- choose a transit frequency of about 5x the crystal frequency (this I don't understand, because then the AC current gain will be roughly 5 and hence there will be a significant load on the crystal, roughly 5x R_E for an emitter follower)
- PNPs are less noisy than NPNs (one never realy is finished with learning...)
- JFETS are less noise than bipolar transistors
- MOSFETs are noisier than bipolars
- GaAs-Transistors are low noise at HF but have very high noise at LF
- make sure the amplifier remains in its linear region (usually amplifier non-linearities are used to limit the impedance but this will cause side band noise)
- implement the amplitude control seperately from the HF amplification
- overtone crystals usually have higher Q when implemented into a real circuit

I guess I will try to compute the effective Q of various circuits (Colpitts, Pierce, ECL) to determine when a resistance is desirable and when it is not....

To capslock

The creek symbol problem has to be a problem with your acrobat reader. I can see these just fine. I'm using Acrobat Reader 4.05c I tried version 5 for a while but it seemed to have many problems I don't have with older version (schematics getting fuzzy when zooming etc.) So if you can try the version 4...

ECL schematic

As promised a long time ago, my oscillator circuit!

constructional notes:
- The crystal feeds the output back to the input, but this signal gets shunted by R1 and C1. On resonance, the impedance of the crystal is minimal. Drive to the crystal has very low impedance, but the shunt impedance is also low. So I am not sure about the claims repeated throughout the literature that this or similar circuits actually have a very high Q. How does one compute Q here?
- Connecting the shunt across the inputs was the only way to make the circuit work, and it is probably the best way, too.
- The circuit worked fine with R1 = 9 R, however, I was not sure if I wasn't overdriving the crystal. Doing the math for the power dissipation isn't trivial because the drive voltage is not a sinusoidal as suggested by the IQD app note or Wedin's article. Also, without a model for the particular crystal, one can never be sure where exactly (slightly of series resonance) it really resonates.
High drive is good for jitter performance but will degrade long term stability. Also, I am not sure that a severely overdriven crystal will still give good jitter performance.
- Make sure not to use a crystal in a HC-49S or similar small case. The crystals in the big cases can stand higher drive and they have lower series resistance, i.e. higher inherent Q.
- C1 was necessary to prevent the circuit from starting up at about 700 MHz occasionally. Required value depends on layout. Make sure that 1/(2*PI*f_crystal) is still at least 5x larger than R1.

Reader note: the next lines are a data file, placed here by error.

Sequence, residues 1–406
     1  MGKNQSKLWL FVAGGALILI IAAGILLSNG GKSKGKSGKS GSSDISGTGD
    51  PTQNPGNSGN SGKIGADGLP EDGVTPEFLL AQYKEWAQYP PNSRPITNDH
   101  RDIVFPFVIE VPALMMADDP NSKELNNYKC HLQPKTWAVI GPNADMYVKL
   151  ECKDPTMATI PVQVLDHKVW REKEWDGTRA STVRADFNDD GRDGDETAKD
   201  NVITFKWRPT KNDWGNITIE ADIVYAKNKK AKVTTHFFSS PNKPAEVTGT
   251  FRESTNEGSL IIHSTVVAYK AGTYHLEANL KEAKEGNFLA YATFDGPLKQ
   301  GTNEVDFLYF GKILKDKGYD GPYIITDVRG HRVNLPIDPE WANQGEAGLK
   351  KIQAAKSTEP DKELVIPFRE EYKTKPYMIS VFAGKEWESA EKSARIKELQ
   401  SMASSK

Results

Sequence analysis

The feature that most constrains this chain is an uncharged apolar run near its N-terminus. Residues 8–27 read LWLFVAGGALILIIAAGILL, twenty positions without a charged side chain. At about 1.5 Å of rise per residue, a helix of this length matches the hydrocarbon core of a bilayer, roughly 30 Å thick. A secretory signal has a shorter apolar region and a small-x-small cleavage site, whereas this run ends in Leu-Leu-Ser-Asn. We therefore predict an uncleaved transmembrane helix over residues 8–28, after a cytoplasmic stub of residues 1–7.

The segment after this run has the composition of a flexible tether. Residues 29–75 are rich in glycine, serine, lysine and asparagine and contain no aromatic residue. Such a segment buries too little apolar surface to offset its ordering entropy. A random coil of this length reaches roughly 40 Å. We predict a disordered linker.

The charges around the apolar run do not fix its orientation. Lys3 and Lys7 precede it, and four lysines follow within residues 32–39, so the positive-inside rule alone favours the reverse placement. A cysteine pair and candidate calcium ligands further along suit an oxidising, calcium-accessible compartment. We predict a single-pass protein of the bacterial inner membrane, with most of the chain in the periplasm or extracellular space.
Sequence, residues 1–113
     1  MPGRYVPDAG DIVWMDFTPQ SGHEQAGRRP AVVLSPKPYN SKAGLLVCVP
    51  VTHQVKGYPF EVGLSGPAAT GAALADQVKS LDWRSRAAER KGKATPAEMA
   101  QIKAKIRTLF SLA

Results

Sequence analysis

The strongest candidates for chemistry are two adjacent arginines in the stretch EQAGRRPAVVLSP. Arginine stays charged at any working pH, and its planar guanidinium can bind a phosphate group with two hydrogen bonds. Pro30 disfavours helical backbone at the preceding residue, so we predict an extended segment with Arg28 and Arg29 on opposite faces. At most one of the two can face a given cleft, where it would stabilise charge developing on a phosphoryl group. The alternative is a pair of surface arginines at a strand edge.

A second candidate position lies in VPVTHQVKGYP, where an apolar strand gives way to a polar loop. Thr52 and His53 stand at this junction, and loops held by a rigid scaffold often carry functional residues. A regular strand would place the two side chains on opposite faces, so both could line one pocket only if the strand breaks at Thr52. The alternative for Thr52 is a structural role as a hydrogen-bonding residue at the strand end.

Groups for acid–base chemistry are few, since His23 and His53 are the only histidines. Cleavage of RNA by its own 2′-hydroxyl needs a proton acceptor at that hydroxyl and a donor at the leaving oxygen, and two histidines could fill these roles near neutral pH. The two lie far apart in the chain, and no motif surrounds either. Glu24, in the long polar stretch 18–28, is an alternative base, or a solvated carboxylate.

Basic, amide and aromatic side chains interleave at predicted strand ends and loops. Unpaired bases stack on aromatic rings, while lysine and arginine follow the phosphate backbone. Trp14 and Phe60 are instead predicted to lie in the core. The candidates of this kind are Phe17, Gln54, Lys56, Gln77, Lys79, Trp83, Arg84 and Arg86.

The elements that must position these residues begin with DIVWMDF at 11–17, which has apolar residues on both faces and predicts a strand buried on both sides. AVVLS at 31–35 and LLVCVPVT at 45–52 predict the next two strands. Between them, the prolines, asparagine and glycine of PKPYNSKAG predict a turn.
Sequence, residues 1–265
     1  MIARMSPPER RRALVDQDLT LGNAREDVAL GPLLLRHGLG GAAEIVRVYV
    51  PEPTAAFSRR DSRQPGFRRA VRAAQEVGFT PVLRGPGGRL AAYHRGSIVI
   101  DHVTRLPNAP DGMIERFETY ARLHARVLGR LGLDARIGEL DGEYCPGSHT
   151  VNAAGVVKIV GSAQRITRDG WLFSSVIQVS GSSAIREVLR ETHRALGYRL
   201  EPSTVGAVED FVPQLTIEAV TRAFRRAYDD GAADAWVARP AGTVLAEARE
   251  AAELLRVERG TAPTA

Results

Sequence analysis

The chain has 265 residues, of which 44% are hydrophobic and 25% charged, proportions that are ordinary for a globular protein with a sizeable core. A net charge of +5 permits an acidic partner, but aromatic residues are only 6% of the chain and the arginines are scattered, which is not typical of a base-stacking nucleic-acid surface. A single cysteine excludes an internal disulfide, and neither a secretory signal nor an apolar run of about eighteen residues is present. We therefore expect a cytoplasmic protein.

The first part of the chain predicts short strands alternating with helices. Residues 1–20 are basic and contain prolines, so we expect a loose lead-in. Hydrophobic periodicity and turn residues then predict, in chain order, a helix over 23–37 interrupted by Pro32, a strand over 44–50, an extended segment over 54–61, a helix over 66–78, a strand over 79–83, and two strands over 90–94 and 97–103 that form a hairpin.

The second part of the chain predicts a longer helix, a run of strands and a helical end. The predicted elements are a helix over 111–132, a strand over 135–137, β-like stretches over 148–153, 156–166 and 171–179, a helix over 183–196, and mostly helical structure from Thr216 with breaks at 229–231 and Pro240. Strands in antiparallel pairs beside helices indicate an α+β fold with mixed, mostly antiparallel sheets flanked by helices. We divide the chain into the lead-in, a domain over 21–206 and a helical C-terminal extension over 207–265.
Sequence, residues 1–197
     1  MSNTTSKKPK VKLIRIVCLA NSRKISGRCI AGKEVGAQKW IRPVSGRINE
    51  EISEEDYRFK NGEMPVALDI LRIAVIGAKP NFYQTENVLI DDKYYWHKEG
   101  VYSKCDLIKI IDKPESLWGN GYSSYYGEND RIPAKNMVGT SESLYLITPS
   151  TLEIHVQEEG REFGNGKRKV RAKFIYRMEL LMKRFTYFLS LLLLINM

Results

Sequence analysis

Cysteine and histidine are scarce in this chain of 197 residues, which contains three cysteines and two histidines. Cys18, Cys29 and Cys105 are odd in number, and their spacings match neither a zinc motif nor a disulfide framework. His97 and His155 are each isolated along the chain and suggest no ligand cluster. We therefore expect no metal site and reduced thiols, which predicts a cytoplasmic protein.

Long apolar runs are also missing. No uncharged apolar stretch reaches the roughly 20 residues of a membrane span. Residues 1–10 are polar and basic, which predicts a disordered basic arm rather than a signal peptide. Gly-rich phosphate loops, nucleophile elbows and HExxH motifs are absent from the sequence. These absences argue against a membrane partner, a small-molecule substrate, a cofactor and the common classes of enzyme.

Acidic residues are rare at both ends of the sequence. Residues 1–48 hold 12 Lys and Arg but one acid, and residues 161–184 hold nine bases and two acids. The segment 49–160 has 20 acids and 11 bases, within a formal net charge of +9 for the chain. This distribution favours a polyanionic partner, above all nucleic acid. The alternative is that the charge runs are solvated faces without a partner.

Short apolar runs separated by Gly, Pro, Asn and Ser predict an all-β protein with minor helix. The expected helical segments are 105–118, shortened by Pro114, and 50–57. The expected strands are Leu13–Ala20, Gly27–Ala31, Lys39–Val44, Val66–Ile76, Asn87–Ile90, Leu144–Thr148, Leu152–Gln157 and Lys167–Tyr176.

- C2 is still connected to ground in my prototype. The next PCB will have it connected to V_CC which is the internal reference node of the ECL line receiver.

Next installment: possible improvements

Comments? Questions?

The attached file is GIF even if the extension is zip. Why is this forum so picky about extensions?




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possible improvement: discrete ECL

This attachment shows a discrete version of the ECL line receiver. D-bar should be connected to V_BB which should be -1.3V relative to V_CC and may be generated by a simple divider.

Using AF low noise transistors should result in lower low frequency jitter. I have not yet built the circuit, so I am not sure if the circuit is slow enough so the output will be sinusoidal. One could include C1 to smear the edges. This should not degrade the output impedance which depends mainly on the current of the emitter followers.

One basic problem remains. While the differential amp is essentially a low noise and reasonably linear amplifier, some nonlinearity is needed to keep the oscillation amplitude in check. The collector resistors are chosen at 220 R to limit the swing before any of the transistors goes into saturation (that was the original idea behind ECL). In our case, it will also limit the drive voltage to the crystal, so the drive to the crytal can never be spectrally pure. C1 may filter out some of the harmonics, but the rest is left to the crystal to handle.

One could make the diff amp even more linear by using a higher supply voltage and emitter degeneration resistors. But when compression sets in later, the circuit will automatically settle at a higher oscillation amplitude. Therefore, some sort of AGC (automatic gain control) is needed. One could replace the 750 R tail resistor by a voltage controlled current source. My problem now is that not being a radio nut, I don't know how to rectify a 17 MHz signal decently. I have seen one AGC circuit that I'll post later but I am not sure if it is going to work well.